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Adobe After Effects Tutorial: Previewing footage in After Effects

What you’ll learn in this After Effects Tutorial:

  • Previewing footage
  • Previewing stills and video
  • Previewing audio
  • Trimming a video clip

This tutorial provides you with a foundation for working with Adobe After Effects media management. It is the third lesson in the Adobe After Effects CS6 Digital Classroom book. For more Adobe After Effects training options, visit AGI’s After Effects Classes.

Adobe After Effects Tutorial: Previewing footage in After Effects

Media that has been imported into a project is often called footage. You can preview footage by using the Footage panel, which is one of the panels hidden by default. You can easily display the Footage panel by choosing Window > Footage: (none).

1 Display the Footage panel by choosing Window > Footage: (none).

This will open an empty panel that is standing by to preview a piece of footage from the Project panel.


The Footage panel automatically opens when you double-click on any item in the Project panel. If you have previously used the Footage panel, the name of the last item you viewed is displayed next to the panel name in the Window menu.

Previewing stills and video

You preview still images and video files in almost exactly the same way. The only major difference between the two is that video footage has a time ruler so that you can adjust its duration.

1 In the Project panel, double-click on Double Single to load it into the Footage panel. The text on the tab of the Footage panel changes to “Footage: Double Single,” to indicate that you are previewing a specific footage item.

2 With the Footage panel highlighted, press the spacebar on your keyboard to begin the video preview.

3 Once you see the animation begin to play, you can press the spacebar again to stop the preview.

Press the spacebar to start and stop the animation.


If you click and drag the playhead along the time ruler, you move backward or forward through the video file. You can use this technique, called scrubbing the playhead, to navigate quickly to a specific time in the file. Remember that this is not a real-time preview; the speed at which you scrub the playhead controls the playback speed.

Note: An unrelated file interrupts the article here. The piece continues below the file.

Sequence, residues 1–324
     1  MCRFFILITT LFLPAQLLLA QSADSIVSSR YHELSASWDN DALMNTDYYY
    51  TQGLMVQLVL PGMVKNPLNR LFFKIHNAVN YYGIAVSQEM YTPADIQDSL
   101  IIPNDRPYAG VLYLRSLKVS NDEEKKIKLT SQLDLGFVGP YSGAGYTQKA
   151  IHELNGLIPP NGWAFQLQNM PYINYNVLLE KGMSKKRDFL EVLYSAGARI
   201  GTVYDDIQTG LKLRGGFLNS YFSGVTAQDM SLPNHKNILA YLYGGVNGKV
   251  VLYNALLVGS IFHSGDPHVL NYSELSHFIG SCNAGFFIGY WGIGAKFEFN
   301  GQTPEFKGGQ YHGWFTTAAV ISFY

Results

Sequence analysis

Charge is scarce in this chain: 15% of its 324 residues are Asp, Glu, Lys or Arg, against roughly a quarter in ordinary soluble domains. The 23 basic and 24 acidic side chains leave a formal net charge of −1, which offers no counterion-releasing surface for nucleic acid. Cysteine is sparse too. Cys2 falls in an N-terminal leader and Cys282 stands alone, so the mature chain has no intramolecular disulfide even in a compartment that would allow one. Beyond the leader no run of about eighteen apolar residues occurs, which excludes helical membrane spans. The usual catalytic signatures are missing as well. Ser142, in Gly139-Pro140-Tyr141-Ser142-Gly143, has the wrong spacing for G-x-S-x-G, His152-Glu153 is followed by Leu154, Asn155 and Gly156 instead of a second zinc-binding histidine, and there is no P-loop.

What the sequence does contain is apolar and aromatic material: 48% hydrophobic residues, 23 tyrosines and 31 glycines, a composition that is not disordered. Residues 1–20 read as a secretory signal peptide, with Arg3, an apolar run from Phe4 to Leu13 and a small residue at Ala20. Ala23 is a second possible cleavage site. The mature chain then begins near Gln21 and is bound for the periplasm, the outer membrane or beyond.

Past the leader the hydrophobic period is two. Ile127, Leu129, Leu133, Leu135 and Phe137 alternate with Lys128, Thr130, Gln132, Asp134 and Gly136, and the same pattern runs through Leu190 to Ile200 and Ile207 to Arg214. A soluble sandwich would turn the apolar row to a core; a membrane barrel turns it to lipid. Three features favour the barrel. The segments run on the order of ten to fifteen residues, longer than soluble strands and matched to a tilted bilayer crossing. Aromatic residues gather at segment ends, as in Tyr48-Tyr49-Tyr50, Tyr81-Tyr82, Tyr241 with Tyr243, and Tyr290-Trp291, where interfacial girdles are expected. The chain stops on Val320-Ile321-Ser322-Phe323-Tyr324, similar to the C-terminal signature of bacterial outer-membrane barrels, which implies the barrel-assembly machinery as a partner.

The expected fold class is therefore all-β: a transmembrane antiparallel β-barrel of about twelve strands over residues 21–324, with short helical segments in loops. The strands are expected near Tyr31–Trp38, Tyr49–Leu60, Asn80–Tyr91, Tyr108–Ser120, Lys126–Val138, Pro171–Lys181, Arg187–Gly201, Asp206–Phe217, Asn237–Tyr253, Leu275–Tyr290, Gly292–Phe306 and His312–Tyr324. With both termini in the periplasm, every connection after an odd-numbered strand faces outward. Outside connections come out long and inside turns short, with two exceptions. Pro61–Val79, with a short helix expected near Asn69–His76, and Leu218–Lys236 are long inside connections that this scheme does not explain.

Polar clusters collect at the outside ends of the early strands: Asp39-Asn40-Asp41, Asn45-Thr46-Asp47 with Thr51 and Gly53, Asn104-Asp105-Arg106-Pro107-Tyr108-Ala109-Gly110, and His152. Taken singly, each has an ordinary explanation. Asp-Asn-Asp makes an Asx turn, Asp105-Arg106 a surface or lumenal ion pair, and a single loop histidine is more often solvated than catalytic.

4 Double-click the Mini Cooper at Night.jpg file to see how easy it is to preview still images as well.

Do not close this file; you will need it in the next part of the lesson.


As is the case when working with the Project panel, you can always press the tilde (~) key while the Footage panel is highlighted in order to expand it to full screen mode, giving you a larger preview area.

Previewing audio

Just like video and still image files, you can preview audio files using the Footage panel. While an audio file is loaded into the panel in the same way that any other file is (by double-clicking on it), pressing the spacebar does not cause the audio to play in the same way that video does. To preview audio files, you will use a RAM preview.

1 In the Project panel, double-click on house beat.aif to load it into the Footage panel. Unlike when you previewed the video and image files, the Footage panel appears as a blank, gray screen.


The name of the audio file displays in the Footage panel tab and you see a time ruler for the duration of the audio file. Since it is an audio file, there is no visual preview.

2 With the Footage panel still highlighted, locate the Preview panel on the right side of the workspace and click the RAM Preview button.

A RAM Preview will play audio
that is in the footage panel or on
the timeline.


You can also initiate a RAM Preview by choosing Composition>Preview>RAM Preview with the Footage panel highlighted.

3 After a brief pause, the audio file begins to play. When you are happy with the preview, click anywhere in the interface to stop the playback.

4 In addition to creating a RAM preview of your composition you can also preview audio while scrubbing the playhead.

If it is not already there, move the playhead to the beginning (0;00;00;00) of the composition. Hold down the Ctrl (Windows) or Command (Mac OS) key on your keyboard and click on the playhead and drag it back and forth across the timeline to scrub it. You will now hear audio previewing as the playhead moves.

5 Save your file by choosing File > Save or by pressing Ctrl+S (Windows) or Command+S (Mac OS) on the keyboard.

Do not close this file; you will need it in the next part of the lesson.

These tutorials are created by and the team of expert instructors at American Graphics Institute.